The first thing to determine is why the person has said “no”. A successful fundraising ask comes when the right person asks the right prospect for the right amount to support the right project at the right time. If any one of these factors is wrong then the prospect is likely to say “no”. You need to be able to judge what element is out of place and decide whether it is something that can be rectified.
You also need to remember that one person saying “no” is not a reason to give up on fundraising. Even with warm prospects your likelihood of success is going to be around 3:1 or 4:1. Plan your campaign carefully, taking into consideration the likely conversion rate and ensure you have enough prospects to make the campaign a success.

4. “Champions aren’t made in the gyms. Champions are made from something they have deep inside them: a desire, a dream, a vision.”

Fundraising is a skill and there are a number of rules and basic principles of which you should be aware. However, knowing the rules is not enough on its own to raise money. You also need to be passionate about the cause you are trying to raise money for. After all, if you can’t get yourself excited about your cause, how are you going to be able to excite others?

5. “The man who has no imagination has no wings.”

As well as passion, fundraisers need to be creative. This creativity is needed throughout every step of the stewardship process. Are you able to see your project or cause from every angle to match it to as many of your potential donors’ motivations? Can you express your case for support in an emotive and engaging way? How will you maintain a relationship with prospects and donors in a personal way? What creative and imaginative ways are there to thank a donor and engage them beyond their gift?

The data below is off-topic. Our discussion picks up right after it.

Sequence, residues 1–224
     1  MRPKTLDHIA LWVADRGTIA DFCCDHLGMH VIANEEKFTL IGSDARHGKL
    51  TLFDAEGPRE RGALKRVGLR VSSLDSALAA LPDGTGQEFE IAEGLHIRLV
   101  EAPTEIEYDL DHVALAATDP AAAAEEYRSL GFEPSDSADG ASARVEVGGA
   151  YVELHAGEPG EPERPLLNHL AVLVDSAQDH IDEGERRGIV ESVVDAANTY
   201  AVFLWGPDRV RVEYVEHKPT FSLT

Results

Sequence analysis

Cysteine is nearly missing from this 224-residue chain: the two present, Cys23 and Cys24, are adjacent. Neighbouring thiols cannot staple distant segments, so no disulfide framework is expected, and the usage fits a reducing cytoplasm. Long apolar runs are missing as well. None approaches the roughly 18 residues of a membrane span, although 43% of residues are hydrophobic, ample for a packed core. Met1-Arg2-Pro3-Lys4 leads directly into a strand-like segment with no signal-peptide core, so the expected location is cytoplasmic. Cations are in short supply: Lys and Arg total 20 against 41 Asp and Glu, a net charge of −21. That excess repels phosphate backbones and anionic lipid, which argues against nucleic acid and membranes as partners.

6. “A man who is not courageous enough to take risks will never accomplish anything in life.”

Fundraising should be seen as an investment, not an expense. There are very few ways of getting money for nothing and you will almost certainly have to invest some time and money before you see a return. As with most investments, the areas with the biggest risk often have the best returns. While Trusts and Foundations take relatively little time and money to apply to, more lucrative streams such as major donors or legacies need a greater level of financial investment and take longer to give a return.
As a fundraiser you need to take calculated risks, knowing that it might be 2 to 3 years before you see a return on your investment.

7. “I’ve made my share of mistakes along the way, but if I have changed even one life for the better, I haven’t lived in vain.”

Muhammad Ali was not perfect and much has been made of some aspects of his personal life. Similarly, fundraisers aren’t perfect. We will occasionally make mistakes, both individually and as a sector.
At a time when there is significant focus on the actions of charities, fundraisers need to be sure that every action they take is designed to improve the lives of the people around them. This doesn’t just mean the beneficiaries of your organisation’s work  – your work should also have a positive impact on the lives of the donors and prospects you engage with.
There are many more inspirational quotes from Muhammad Ali. Which quotes do you take inspiration and motivation from? How can they be applied in a fundraising setting?
David Burgess, Fundraising Consultant